Getting Trauma Patients to ‘Chill’ Could Save Lives

Posted December 2nd, 2011 at 11:30 pm (UTC+0)
1 comment

Trauma patient being rushed to surgeryA young man suffering from severe gunshot wounds is rushed to the emergency room.

The  patient – who has lost a lot of blood and continues to bleed profusely – goes into cardiac arrest.

Despite the doctors’ best efforts, the young patient bleeds to death.

It’s not an uncommon scenario.  Less than 10 percent of trauma patients suffering cardiac arrest survive, even if their injuries can be repaired, according to the Acute Care Research center.

With a bit more time to control the patient’s bleeding, the odds of survival could increase for many trauma victims.

Inducing profound hypothermia might just give doctors the time they need.

More than 20 years ago, Dr. Peter Safar and Col. Ron Bellamy suggested rapidly inducing hypothermia in trauma patients suffering cardiac arrest would buy that extra time to control bleeding.

Preclinical studies at the University of Pittsburgh show reducing body temperature to as low as 50ºF (10ºC) can prolong the period of cardiac arrest, even when a patient has lost most of his blood.

Trauma team treats patientDr. Safar’s colleague, Dr. Sam Tisherman is now taking this research to the next step, leading a study to explore and test the feasibility and safety of this hypothermia treatment.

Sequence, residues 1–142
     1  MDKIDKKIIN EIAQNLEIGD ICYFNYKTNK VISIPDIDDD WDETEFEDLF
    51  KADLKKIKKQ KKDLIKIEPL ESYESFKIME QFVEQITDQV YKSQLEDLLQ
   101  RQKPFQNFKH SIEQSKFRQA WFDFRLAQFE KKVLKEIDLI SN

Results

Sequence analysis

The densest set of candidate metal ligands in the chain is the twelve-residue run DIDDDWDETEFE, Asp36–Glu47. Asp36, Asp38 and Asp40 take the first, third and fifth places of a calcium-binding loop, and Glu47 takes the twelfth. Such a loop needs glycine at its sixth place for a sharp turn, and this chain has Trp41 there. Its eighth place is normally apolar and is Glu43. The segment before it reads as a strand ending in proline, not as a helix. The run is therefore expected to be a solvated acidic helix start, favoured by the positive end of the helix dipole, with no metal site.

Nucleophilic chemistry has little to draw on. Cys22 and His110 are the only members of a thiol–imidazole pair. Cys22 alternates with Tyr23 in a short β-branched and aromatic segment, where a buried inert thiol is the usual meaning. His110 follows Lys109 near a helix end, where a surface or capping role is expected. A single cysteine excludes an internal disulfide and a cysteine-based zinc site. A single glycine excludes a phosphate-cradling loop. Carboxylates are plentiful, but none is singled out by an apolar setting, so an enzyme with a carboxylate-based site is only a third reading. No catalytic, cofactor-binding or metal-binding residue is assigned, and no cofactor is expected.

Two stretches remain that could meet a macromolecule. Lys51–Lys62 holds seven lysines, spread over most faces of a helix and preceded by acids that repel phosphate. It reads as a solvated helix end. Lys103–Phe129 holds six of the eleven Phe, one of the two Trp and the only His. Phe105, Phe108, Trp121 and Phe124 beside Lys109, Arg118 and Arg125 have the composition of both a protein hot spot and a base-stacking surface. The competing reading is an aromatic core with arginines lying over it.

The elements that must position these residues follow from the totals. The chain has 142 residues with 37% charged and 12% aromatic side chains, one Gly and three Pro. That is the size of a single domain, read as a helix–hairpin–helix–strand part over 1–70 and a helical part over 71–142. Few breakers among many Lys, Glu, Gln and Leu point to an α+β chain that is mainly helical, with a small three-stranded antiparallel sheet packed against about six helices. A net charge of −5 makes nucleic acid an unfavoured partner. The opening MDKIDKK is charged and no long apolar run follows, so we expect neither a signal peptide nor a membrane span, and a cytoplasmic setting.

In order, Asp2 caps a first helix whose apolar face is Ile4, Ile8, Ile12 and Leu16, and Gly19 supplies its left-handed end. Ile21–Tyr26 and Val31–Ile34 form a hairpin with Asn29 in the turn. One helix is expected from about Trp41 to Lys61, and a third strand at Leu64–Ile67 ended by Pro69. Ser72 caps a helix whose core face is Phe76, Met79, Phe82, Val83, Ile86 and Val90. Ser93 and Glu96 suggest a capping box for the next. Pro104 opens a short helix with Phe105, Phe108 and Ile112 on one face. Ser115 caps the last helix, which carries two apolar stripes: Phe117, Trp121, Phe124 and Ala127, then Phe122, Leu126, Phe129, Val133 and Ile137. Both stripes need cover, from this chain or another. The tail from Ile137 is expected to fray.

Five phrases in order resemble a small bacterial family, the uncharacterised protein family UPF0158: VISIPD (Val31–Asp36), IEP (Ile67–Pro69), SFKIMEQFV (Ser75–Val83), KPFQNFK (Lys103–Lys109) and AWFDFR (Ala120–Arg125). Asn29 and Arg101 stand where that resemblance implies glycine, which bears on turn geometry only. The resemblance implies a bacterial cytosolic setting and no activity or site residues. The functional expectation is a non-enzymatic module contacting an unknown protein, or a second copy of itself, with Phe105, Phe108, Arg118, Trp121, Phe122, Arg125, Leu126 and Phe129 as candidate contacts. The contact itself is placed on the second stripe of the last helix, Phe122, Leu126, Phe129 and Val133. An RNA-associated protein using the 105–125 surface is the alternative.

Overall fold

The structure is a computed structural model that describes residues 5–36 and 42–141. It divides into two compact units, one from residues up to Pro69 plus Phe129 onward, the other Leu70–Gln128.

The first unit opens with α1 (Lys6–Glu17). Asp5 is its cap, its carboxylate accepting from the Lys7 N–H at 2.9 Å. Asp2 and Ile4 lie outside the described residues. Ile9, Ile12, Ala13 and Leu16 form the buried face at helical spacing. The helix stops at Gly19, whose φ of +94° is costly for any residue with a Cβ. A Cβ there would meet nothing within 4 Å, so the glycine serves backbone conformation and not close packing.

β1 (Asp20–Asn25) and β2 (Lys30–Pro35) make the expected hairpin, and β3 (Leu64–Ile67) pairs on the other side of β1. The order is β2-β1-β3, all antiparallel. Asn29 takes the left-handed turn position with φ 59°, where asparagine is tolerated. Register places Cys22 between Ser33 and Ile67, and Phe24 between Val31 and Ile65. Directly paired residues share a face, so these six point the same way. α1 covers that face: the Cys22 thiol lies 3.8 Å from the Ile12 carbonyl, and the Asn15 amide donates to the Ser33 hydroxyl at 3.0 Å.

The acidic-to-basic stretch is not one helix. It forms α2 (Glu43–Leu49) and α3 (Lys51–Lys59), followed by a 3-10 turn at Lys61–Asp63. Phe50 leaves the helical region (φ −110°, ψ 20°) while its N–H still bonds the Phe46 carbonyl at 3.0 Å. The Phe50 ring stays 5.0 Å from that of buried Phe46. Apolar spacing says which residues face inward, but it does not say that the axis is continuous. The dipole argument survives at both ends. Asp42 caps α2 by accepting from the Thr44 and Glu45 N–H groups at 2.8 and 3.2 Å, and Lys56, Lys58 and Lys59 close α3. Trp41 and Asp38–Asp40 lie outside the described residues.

The technique is called Emergency Preservation and Resuscitation. The patient’s body temperature is lowered by pumping a large volume of cold fluid through a large tube, called a cannula, which is placed into the aorta, the largest artery in the human body.

Then, to restore the patient’s blood circulation and oxygenation, doctors use a heart-lung bypass machine as part of the resuscitation process.

The study is sponsored by the U.S. Department of Defense, coordinated by the University of Pittsburgh and the University of Pittsburgh Medical Center and will be conducted at the University of Pittsburgh and the University of Maryland.

Watch Dr. Tisherman explain the Emergency Preservation and Resuscitation technique and what the  new research project will entail.

>>>> Listen to the interview here

Audio clip: Adobe Flash Player (version 9 or above) is required to play this audio clip. Download the latest version here. You also need to have JavaScript enabled in your browser.

Other stories we cover on the “Science World” radio program this week include:

One Response to “Getting Trauma Patients to ‘Chill’ Could Save Lives”

About Science World

Science World

Science World is VOA’s on-air and online magazine covering science, health, technology and the environment.

Hosted by Rick Pantaleo, Science World‘s informative, entertaining and easy-to-understand presentation offers the latest news, features and one-on-one interviews with researchers, scientists, innovators and other news makers.

Listen to a Recent Program

Listen Sidebar

Broadcast Schedule

Broadcast Schedule

Science World begins after the newscast on Friday at 2200, Saturday at 0300, 1100 and 1900 and Sunday at 0100, 0400, 0900, 1100 and 1200.

Science World may also be heard on some VOA affiliates after the news on Saturday at 0900 and 1100. (All times UTC).

Contact Us

E-Mail
science@voanews.com

Postal Mail
Science World
Voice of America
330 Independence Ave., SW
Washington, DC 20237
USA